Differentiation through hybrid wealth management models
Many wealth managers are moving into hybrid offers – combining traditional face to face advice with digital technology, to increase awareness, scale and offer the best of both worlds. Santander’s “Digital Advisor” is an example of this in practice, which has seen an increase in popularity over the last couple of months.
Growth in this area has been so rapid that the sector has almost become commoditised. In fact in Singapore, Bambu now offers a white label robo-advice solution for any wealth manager who wants to try their hand at it. But the market is becoming saturated, and perhaps the only differentiator between these robo-advisors now is brand.
Offering more of a ‘retail’ customer experience
Although the jury is still out about whether robo-advice will last the course, the tools and tricks used by robo-advisors, especially in terms of customer experience, are increasingly filtering into other areas of investment management.
Traditional wealth managers have started to create landing pages, microsites and elevator pitches that are based around goals and returns, and they are backing up their business cases with social proof.
More attractive ownership models to remove sign-up barriers
One of the key customer barriers to working with a wealth manager is their high and unclear fees. This is changing with some of the new entrants within the space, such as Selma or Clear Minds, who are looking to reduce friction by introducing one, simple flat fee for their services.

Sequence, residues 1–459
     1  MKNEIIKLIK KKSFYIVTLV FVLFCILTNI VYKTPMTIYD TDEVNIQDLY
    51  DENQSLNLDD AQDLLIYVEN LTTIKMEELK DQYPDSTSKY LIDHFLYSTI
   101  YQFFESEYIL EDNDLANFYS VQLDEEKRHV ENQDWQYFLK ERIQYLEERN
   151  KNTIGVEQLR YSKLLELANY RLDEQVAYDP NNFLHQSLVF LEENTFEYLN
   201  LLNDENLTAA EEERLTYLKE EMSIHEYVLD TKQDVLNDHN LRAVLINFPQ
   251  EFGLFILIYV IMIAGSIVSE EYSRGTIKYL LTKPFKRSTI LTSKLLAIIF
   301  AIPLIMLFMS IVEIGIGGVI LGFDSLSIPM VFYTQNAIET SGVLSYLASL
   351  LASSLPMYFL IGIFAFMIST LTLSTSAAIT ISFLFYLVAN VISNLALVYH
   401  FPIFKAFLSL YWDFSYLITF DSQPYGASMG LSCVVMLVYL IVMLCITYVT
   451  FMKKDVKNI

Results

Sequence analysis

Improved targeting, conversion and efficiency
Data is increasingly at the heart of efficiency and targeting strategies. It is becoming crucial that wealth managers track and record their client interactions, so that they can better understand their tolerance to risk and potential lifetime value. By appending social data to profiles, they can also determine their client’s personality, so they can recommend investments that are likely to resonate.
At the same time, that data is also being used to evaluate advisor and manager behaviours to help them become more efficient and effective.
RegTech is becoming a necessity rather than a luxury, to efficiently keep abreast of regulatory thinking. RegTechs that provide anything from automated monitoring of disclosure requirements, through to regulation guidance using natural language processing to aid decision making, are becoming increasingly popular. Deloitte is currently following 263 discrete RegTech start-ups.
Investment in fintech start-ups
Whilst innovation is increasingly a hot topic, not every organisation can afford the time and the budget to invest in creating their own incubator.
To combat this the industry is clubbing together to pool investment. For example, the Investment Association’s VeloCity accelerator, founded in 2018, is a membership of FinTechs that supports a shortlisted cohort of 5-6 every few months to develop their ideas. Selected brands are mentored by individuals from the sponsoring asset and wealth management organisations.
What does your customer really want? And how can a wealth manager's digital experience be enhanced to attract and retain more customers. Part two of this article will be online soon.